After 50 years in the Television Broadcasting Industry I retired in 2012 to be faced with the frightening and foreign world of internet and social media.
I began my career in Television Broadcasting back in the days when black and white television was in its infancy. That was 1962 at ADS Channel 7 in Adelaide. Television was invented in 1948. It came to Australia in 1956 in Sydney and Melbourne and spread to the rest of the country in 1959.
When television was the hot new thing
Those were the days when commercials and variety programs were not recorded but went to air live. That meant the talent had to be accurate, as mistakes would be broadcast live around the country.
Those were the exciting days of a green fields industry, where real-time innovation was the norm.
Back in the early days, commercials, local programs and news material and footage were stored on film reels or videotape. Hard drives or servers didn’t exist. International movies, interstate-produced programs and news program content were captured on film, which had to be chemically processed, hand-edited and spliced before being put to air via telecine film and slide projector equipment.
If the postman was late, you had to come up with other ideas.
Once, the producers of a live variety show brought a horse into the studio. The poor horse couldn’t walk properly on the smooth and slippery studio floor so I had to race down to the canteen to find a couple of coconuts, split them and use the shells to emulate the clip-clopping of horses hooves for the viewers.
I saw television as an opportunity to get into an industry that I believed had a real future. I was right. I enjoyed an interesting and varied career in the industry starting off as an electrical maintenance technician and progressed my career working in regional TV (for NEN Channel 9 Tamworth and ECN Channel 8 Taree in NSW) ending up as Director of Operations and Engineering for Prime Television Ltd in Sydney and later as Network Director of Engineering for the Seven Network based in Sydney.
Highlights of my career include going up on stage to receive an Emmy award on behalf of the Seven Network at the Marriot Marque Hotel in New York. Don’t get too excited. This was an engineering Emmy award presented to the Seven Network Engineering team for the design, development and implementation of Racecam.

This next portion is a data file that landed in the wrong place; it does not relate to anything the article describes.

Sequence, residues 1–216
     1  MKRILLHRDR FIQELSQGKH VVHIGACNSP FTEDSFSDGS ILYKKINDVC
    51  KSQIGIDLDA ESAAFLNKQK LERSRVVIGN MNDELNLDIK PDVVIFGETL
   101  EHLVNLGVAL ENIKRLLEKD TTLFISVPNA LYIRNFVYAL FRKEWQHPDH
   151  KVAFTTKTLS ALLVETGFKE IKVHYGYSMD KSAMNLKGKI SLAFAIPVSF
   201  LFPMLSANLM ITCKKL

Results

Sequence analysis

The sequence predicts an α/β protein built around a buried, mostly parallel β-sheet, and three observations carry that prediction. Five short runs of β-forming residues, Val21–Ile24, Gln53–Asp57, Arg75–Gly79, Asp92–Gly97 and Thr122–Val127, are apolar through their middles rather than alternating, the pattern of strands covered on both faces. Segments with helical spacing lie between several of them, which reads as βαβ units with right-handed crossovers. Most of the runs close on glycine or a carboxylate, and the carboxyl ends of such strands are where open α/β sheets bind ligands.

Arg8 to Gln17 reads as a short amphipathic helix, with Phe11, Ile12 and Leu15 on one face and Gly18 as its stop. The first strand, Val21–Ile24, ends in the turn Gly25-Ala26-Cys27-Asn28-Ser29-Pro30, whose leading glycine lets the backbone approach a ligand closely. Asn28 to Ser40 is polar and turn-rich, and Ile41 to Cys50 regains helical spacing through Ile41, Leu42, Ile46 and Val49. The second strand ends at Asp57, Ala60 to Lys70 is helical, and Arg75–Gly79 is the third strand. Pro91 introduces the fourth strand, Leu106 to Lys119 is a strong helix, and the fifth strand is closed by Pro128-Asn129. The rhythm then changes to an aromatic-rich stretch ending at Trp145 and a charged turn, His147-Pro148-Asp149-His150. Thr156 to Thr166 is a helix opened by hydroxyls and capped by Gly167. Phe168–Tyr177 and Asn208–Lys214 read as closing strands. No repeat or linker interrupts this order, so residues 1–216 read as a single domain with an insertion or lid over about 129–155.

Racecam was the first miniature camera and return vision transmission technology systems in the world and was originally designed in Australia by the Seven’s engineering team to improve and add a new production dimension to the coverage of motor sport.
The technology (and subsequent replacements) is now used at all sporting events throughout the world.
Another major highlight was overseeing the conversion of the Seven Network’s program production studios and post production facilities in Sydney and Melbourne to cater for high definition broadcast.
Then came digital television
I led a team to develop design concepts and implement Australia’s first totally digital television newsroom in Sydney. I also oversaw migrating Seven Network’s metropolitan stations on-air broadcasting operations to a new state-of-the-art, purpose-built, fully digital broadcasting center in Melbourne.
I was a member of the team of industry experts responsible for selecting DVB as the preferred digital transmission standard for Australia. And I oversaw the engineering project management of the Seven Network’s technical design and equipment selection teams for the Barcelona, Atlanta and Sydney summer Olympic Games and the winter Olympic Games in Nagano Japan.
Another highlight was the successful implementation of digital broadcasting services throughout the Seven Network’s five metropolitan and seven regional markets. Digital broadcasting opened the door to allow broadcasters to add additional channels and broadcast HDTV services.
Thoughts on the internet
To be honest, after being involved in the very structured and regulated television broadcasting industry for 50 years, getting my head around the internet and social media is giving my ageing brain some mental challenges. It provides me with daily frustrations I am still trying to overcome.
Broadcasting has been the technology that dominated my lifetime but I’m only too aware the internet (and social media) is making an impact on traditional broadcasting services. I believe that the internet is the future and if I want to be part of this new world, I had better embrace it.
Actually, this new world has already allowed me to learn a new skill. In recent years, I’ve been behind a video camera travelling around the world to capture magnificent locations and people in the natural environments.
I love travelling to locations of historical and cultural significance, seeing fantastic scenery and wildlife. I enjoy expedition cruisers and love meeting culturally different people around the world. Some of my favorite destinations are Antarctica, Galapagos Islands, Canada (BC, Alberta, Vancouver Island and Quebec), Patagonia, Europe, Kenya (Maasai Mara), Tanzania, Uganda (Bwindi National Park).
I’ve taught myself to edit and produce videos and love telling stories for the enjoyment of others.
River, canal and Mediterranean cruising in Europe and exploring more of Europe, Scotland, Ireland, Norway and Scandinavia.
You can catch up with my adventures on my blog Travel Sassy Seniors